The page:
Ultrafast Laser Material Interactions with Wide Band Gap Semiconductors and High Entropy Oxide Based Memristors
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Ultrafast laser material processing is explored in wide band gap semiconductors, specifically silicon carbide (4H-SiC) and gallium oxide (β-Ga2O3), in order to overcome the processing challenges of these thermally and chemically robust materials. The ability of ultrafast lasers to induce a highly non equilibrium state of matter by nonlinear excitation processes, and subsequent electron-phonon relaxation processes, results in laser induced periodic surface structures (LIPSS) and point defect generation. In 4H-SiC, highly aligned sub 100 nm ripple structures were created, which is promising for photonics and plasmonics applications. Irradiation on heated 4H-SiC may suppress Coulomb explosion. Rastering experiments on 4H-SiC demonstrate 103 times increase of lateral conductance with low surface damage. In β-Ga2O3, straight cracks aligned to the (001) crystal directions and sub-micron geometric-shaped recrystallization features were observed for the first time. Ultrafast laser irradiation of β-Ga2O3 can convert the surface to hydrophobic, confirmed by contact angle experiments.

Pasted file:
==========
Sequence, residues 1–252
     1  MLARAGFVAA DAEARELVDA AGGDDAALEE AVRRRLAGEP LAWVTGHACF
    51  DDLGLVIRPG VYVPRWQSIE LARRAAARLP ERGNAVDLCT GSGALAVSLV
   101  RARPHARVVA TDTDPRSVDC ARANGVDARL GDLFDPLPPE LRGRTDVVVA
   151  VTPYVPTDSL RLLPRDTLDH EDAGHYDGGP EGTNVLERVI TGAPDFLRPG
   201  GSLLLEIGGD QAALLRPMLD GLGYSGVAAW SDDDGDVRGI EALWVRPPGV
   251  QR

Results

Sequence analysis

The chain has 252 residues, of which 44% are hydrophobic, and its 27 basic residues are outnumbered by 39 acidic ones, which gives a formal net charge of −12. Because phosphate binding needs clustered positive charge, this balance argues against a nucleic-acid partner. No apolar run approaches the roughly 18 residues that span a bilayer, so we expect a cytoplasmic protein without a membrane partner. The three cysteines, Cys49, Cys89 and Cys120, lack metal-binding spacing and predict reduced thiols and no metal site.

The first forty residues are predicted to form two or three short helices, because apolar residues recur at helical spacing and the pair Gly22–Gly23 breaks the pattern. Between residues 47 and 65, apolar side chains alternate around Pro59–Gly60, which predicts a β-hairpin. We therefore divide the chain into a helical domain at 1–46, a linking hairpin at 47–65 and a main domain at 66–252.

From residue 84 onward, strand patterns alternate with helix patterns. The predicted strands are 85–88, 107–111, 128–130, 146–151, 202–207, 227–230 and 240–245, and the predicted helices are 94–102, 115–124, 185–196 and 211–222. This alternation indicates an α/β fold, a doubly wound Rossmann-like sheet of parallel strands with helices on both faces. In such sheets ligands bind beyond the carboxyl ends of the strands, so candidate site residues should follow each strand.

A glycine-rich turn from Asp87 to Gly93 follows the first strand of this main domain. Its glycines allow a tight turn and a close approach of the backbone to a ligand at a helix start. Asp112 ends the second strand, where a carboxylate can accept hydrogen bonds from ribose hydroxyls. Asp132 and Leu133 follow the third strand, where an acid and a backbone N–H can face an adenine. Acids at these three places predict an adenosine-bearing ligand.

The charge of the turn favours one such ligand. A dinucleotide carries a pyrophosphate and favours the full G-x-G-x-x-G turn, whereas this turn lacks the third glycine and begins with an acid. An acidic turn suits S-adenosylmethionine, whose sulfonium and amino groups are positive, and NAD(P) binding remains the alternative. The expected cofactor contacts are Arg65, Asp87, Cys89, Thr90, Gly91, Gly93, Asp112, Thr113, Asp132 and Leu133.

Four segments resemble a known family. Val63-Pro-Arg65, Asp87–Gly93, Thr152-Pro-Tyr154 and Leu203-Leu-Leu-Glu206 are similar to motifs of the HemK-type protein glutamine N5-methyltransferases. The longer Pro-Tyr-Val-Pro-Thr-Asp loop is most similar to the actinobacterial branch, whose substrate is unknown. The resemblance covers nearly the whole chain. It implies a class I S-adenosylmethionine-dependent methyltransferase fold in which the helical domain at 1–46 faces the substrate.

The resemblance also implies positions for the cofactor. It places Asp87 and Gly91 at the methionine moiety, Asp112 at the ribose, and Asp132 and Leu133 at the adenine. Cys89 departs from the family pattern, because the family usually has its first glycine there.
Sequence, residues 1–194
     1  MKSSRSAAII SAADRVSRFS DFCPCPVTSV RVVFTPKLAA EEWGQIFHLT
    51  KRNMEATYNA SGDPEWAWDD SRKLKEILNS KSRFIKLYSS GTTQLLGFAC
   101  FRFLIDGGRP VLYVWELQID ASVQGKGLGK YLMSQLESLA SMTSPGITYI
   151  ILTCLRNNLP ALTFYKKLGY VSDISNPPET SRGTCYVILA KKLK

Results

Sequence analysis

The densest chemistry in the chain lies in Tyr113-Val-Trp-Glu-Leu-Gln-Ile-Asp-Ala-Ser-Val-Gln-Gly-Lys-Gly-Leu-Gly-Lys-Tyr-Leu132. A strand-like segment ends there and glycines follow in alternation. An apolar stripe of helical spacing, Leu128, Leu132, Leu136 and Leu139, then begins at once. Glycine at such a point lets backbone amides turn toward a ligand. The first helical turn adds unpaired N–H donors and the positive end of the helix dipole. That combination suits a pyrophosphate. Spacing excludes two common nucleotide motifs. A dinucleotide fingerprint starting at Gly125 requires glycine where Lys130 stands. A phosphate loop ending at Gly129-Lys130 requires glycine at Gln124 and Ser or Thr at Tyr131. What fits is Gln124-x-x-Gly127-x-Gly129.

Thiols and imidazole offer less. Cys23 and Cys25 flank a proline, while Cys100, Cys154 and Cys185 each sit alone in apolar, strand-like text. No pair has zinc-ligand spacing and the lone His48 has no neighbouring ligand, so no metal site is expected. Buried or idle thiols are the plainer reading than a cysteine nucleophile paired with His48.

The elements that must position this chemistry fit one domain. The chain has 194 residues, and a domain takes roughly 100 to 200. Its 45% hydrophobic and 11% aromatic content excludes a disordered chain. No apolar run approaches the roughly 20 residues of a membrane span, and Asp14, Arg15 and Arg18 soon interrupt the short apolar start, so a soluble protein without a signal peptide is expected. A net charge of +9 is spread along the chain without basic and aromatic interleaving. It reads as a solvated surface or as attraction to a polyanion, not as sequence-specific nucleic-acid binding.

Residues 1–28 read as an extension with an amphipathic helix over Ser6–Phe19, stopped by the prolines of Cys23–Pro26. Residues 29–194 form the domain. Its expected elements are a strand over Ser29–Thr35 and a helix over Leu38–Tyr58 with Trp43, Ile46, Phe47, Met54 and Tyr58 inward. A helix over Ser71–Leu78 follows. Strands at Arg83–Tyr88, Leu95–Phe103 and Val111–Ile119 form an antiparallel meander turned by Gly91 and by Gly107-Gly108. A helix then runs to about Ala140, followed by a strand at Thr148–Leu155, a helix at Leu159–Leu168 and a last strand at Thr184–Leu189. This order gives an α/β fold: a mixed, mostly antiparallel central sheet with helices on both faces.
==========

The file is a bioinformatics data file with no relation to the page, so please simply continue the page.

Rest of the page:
(Zr,Hf,Nb,Ta,Mo,W) high entropy oxides (HEO) thin films were successfully deposited by pulsed laser deposition for memristor. Optical characteristics and X-ray photoelectron spectroscopy (XPS) analysis identified Mo and W suboxides as the origin of oxygen vacancies, revealing the resistive switching mechanism. HEO based memristors demonstrated superior performance by forming free operation with low SET voltage (<1V), low device-to device variability (σ <0.1 V), and 20 hours of retention in 100 ℃, which are promising in neuromorphic applications.
Chair: Professor Jamie Phillips